It's all about saving the music supervisor's time.
Any project is running on a timeline-- a movie, a commercial, a videogame, it all has a deadline they need to meet. Nine times out of ten, the music supervisor wants a particular track but it's usually too expensive, so they go with an indie artist (which is good for you!). More importantly, the track they really want might takes months to clear through record labels, publishers and co-writers. This is especially true for major artists.
Therefore, if you're an indie artist who owns your publishing and copyrights you can literally get your work cleared and signed off on, within a day or two. This immediately puts you at the top of the list, because they can move faster if going with your work.
So for instance, if they want a Future track for their movie trailer, but don't want to take the time to clear the sample through Epic Records, BMI publishing, Future's producer, co-writers and then negotiate a price with the publisher and label..
They may go with a nice indie artist who has that same Future hyped up sound, while owning the masters so you don't have to take 3-4 months to get it cleared. Lastly, as an indie artist, you won't need to charge the insane amount that Future, Epic and BMI would ask for.
Along with perfecting your meta-data and owning your publishing, also ensure that the songs your pitching are organized appropriately. One thing I recommend artist do is send over a microsite just for music supervisors. In this site, there is a streaming embed, so the supervisors can preview, but also a place where they can quickly download the Mp3, if they decide to make a last minute choice, or want to preview how it would sound in a scene.
How to Actually Get Placed.
Option One: A Music Library.
There are actually companies that do the work for you -- you simply upload your music to their website, and they pitch supervisors on your behalf. The "chase" here, is that they take a cut of any profit you make. It's typically a smaller profit -- 10-15%, but it's still something to keep in mind.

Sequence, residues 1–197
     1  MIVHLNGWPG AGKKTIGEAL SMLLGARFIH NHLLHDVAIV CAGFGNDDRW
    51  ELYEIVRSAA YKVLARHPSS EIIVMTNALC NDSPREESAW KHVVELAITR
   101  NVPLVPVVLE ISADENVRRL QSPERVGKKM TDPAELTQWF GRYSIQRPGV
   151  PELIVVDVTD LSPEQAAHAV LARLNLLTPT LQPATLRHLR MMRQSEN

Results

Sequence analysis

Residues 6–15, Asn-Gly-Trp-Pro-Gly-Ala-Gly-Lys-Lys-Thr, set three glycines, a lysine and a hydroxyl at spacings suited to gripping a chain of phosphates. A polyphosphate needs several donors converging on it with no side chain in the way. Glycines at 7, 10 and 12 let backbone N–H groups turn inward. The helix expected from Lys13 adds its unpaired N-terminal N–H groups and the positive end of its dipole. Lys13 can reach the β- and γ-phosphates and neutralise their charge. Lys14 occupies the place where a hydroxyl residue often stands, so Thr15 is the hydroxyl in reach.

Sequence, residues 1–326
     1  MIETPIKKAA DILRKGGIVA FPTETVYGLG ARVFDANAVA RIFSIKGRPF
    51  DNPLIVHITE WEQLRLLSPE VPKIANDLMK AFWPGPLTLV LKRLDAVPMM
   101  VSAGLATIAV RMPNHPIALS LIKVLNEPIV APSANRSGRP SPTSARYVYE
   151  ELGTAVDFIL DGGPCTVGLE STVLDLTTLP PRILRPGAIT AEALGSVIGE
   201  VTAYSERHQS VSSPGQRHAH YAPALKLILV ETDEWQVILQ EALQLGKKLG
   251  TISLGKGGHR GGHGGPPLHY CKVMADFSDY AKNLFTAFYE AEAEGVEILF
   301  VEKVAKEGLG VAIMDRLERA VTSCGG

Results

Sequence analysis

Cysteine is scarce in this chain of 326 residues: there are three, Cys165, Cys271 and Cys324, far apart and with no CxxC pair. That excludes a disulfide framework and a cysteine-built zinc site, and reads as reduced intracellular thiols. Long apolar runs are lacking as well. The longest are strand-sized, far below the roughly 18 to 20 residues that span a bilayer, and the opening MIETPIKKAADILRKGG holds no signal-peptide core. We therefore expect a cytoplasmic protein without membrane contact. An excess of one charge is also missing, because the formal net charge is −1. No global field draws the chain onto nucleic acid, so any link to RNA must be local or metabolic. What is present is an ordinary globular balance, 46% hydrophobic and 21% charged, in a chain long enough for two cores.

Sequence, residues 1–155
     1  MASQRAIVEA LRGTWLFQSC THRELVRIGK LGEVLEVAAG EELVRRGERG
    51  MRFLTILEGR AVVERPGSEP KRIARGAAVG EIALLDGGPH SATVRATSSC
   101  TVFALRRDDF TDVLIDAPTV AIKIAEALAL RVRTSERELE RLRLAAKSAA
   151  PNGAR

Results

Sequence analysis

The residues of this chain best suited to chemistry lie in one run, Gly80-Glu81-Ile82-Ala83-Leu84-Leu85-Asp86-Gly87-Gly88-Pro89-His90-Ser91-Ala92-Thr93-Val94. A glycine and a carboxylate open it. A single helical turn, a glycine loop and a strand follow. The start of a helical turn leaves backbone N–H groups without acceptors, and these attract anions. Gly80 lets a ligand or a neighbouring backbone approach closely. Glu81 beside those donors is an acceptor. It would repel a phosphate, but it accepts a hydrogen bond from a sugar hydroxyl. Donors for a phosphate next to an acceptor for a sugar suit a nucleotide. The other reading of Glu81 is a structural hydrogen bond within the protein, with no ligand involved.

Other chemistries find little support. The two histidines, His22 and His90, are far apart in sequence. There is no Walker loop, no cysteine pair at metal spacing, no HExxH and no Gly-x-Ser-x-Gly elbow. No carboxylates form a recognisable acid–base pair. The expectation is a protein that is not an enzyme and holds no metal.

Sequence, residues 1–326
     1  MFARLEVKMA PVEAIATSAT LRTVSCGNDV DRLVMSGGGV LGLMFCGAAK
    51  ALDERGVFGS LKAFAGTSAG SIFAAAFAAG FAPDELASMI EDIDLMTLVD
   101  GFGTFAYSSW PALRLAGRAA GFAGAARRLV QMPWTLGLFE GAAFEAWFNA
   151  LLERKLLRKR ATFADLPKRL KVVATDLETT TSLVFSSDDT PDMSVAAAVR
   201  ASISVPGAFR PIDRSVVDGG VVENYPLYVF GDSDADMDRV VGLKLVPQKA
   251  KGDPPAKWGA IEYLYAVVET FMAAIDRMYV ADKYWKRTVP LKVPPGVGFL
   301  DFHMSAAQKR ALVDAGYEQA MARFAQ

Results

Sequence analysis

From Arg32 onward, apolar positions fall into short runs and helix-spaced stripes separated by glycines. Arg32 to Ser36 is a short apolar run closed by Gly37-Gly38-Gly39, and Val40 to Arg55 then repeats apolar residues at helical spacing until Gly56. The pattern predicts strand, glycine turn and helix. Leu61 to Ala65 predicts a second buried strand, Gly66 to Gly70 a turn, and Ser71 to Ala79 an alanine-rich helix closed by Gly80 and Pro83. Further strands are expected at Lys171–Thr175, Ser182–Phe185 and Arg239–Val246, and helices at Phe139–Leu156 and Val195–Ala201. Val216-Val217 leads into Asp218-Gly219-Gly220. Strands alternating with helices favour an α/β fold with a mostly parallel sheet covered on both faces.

While I consider this to be a last resort, it's still a viable option. Especially if you have a large catalog that you don't have time to continually pitch. Some good libraries include Music Bed, Jingle Punks, Audiosocket and more.
Option Two: Make a list, Write a pitch.
Just as you would for a new release, or booking a tour -- you're going to want to build a media list, and pitch folks directly. Your pitch should be incredibly to the point:
Just wanted to introduce you to my latest track, Waves. It has that laid back vibe that might be perfect for one of your summer-based TV series. I'm including a microsite link below that has preview links, as well as download links for your use.
Would love to know your thoughts.
Thanks in advance.
And with any project, follow up every few weeks -- before eventually, slowly backing off and taking the hint, if necessary.
How to Meet Music Supervisors.
Sure, you have your pitch down and your music ready -- and you don't want to give up 15% to a library just yet. So, how do you go about finding these supervisors?
The easiest answer is simply... networking. I actually met an amazing supervisor throughNARIP, which is the National Association for Recording Industry Professionals. They regularly put on supervisor showcases where members can link up with supervisors and pitch their work.
This isn't just set to professional groups either. You'll find other networking events or conferences that will bring you face-to-face with film and advertising decision makers. SXSW holds such events, and you might even find a supervisor pitch session at this year's A3C, as we're still sifting through the panel applications!
Keep your eyes peeled for these events, but also for any "industry mixer" events. You might meet a manager or artist that knows a supervisor, or other person looking for new work to place in their project.
Two years ago, during SXSW in Austin -- I was just making small-talk with the bouncer for a showcase, as a group I was working with was unloading their equipment. He really liked the group's sound, and as I asked more about what he does and if he's from the area, etc... He dropped a bombshell on me.
He was a producer for MTV, and just comes to Austin every year to help with this particular showcase
He actually loved the group's work, and over the next few weeks, he introduced me to various sound editors, supervisors, and even hooked my artist mangers with the supervision team over at MTV.
You'll never know who you'll meet!
Another tried and true method -- research.
Go to IMDB and see who handles supervision for your favorite shows, or look up ad agencies that might work with your favorite brands. Once you have their names, go to Zoom Info or Lead Ferret and see if you can snag their email. If so, put it in a list, and pitch them accordingly.
This is really just the opening to a world of possibility. Getting your music placed in film can be a huge pay-day, but also a great way to look professional, learn how to network, and simply expand your brand.
Best of luck!